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8.2: Running MATLAB (Macintosh)

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    In order to run MATLAB on a Macintosh SE or PLUS computer, you need the program called EDU-MATLAB. The program requires at least 1 Mbyte of memory, System 3.0 or above, Finder version 3.0 or above, and an 800K drive. A hard disc drive is highly recommended. In order to run MATLAB on a Macintosh II, IIx, IIcx, or SE/30, you need the program called MacII-MATLAB, and the same system requirements apply.

    To start MATLAB, you may need to open the folder containing the MATLAB program. Then just “double-click” the program icon or the program name (for example, EDU-MATLAB). Figure A.1 shows a typical organization of the folder containing Mac II-MATLAB. It contains the main program, the settings file, the demonstrations folder, and any toolbox folders. The double-click on Mac II-MATLAB produces the Command window as shown in Figure A.2. You will also see a Graph window partially hidden behind it. (The fact that the window is not in ffont means that it is opened but not currently active.) If you do not know what “clicking,” “dragging,” “pop-up menu,” and “trash” mean, you should stop reading now and familiarize yourself with the Macintosh.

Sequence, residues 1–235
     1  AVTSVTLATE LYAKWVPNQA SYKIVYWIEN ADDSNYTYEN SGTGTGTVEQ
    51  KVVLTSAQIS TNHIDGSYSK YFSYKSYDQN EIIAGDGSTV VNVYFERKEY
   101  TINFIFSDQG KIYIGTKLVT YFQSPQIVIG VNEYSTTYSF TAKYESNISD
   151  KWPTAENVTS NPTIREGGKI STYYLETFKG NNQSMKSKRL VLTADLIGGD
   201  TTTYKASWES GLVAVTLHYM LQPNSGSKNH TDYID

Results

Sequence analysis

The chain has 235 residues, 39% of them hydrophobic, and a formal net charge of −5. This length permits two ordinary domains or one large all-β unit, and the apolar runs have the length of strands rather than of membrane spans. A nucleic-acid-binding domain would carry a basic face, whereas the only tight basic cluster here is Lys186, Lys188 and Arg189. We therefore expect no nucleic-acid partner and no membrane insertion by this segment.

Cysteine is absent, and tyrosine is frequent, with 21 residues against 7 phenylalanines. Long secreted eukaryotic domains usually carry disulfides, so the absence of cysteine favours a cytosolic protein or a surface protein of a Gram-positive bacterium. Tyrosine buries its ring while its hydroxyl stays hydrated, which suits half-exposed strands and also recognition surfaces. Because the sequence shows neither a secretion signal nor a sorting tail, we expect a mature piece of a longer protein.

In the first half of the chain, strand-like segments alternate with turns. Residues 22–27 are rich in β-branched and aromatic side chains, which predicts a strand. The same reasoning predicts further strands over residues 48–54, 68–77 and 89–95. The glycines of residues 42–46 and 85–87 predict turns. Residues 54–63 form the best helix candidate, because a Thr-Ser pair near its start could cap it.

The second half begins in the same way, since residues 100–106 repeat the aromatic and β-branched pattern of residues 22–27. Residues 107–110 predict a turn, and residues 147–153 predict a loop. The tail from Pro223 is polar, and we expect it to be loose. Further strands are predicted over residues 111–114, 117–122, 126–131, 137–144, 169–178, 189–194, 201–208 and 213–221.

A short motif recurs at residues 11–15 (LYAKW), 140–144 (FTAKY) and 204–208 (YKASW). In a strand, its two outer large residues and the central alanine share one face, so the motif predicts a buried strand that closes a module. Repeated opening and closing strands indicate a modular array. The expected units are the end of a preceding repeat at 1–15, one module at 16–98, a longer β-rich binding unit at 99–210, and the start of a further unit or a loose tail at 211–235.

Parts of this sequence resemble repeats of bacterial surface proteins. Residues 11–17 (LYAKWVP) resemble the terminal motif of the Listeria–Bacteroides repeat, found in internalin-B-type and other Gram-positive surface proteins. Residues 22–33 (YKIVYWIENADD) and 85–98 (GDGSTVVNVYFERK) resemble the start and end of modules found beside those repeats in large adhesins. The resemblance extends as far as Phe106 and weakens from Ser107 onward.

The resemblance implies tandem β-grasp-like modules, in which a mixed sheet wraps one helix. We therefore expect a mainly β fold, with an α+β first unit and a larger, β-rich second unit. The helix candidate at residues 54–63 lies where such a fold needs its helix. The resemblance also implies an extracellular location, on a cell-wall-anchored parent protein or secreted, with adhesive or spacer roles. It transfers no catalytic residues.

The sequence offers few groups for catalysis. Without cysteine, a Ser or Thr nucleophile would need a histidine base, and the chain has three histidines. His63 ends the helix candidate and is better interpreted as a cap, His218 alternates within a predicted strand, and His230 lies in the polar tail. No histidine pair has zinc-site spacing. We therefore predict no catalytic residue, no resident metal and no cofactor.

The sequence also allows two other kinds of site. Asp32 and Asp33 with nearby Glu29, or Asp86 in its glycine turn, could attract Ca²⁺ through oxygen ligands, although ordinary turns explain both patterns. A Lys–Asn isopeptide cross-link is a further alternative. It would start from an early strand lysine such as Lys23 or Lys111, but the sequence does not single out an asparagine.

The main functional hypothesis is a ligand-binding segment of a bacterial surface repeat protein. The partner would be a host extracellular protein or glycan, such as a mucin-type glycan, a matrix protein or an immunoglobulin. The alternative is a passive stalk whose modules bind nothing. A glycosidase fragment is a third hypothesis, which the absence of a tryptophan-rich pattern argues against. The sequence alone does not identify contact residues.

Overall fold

Figure \(\PageIndex{1}\): The MATLAB Folder (©Apple Computer, Inc., used with permission.)

    In the command window, you should see the prompt \(\gg\). The program interpreter is waiting for you to enter instructions. At this point it is a good idea to run the demonstration programs that are available in the “About MATLAB” menu under the Apple menu. Just click on the “demos” button and select a demo. During pauses, strike any key to continue. Whenever you have a MATLAB file in any folder, then you may double-click the file to launch the program. This allows you to have your own folder containing your own MATLAB files, separated from the MATLAB folder.

    Figure \(\PageIndex{2}\): The Command Window (©Apple Computer, Inc., used with permission.)

    MATLAB has four types of windows:

    1. Command for computing, programming, and designing input/output displays;
    2. Graph for displaying plots and graphs;
    3. Edit for creating and modifying your own files; and
    4. Help for getting on-line help and for running demos.

    All windows follow the traditional behavior of Macintosh windows. You can resize them (actually the help window has a fixed size) or move them. For more details on menus and windows, see the Macintosh and MATLAB manuals.

    This page titled 8.2: Running MATLAB (Macintosh) is shared under a CC BY 3.0 license and was authored, remixed, and/or curated by Louis Scharf (OpenStax CNX) via source content that was edited to the style and standards of the LibreTexts platform; a detailed edit history is available upon request.

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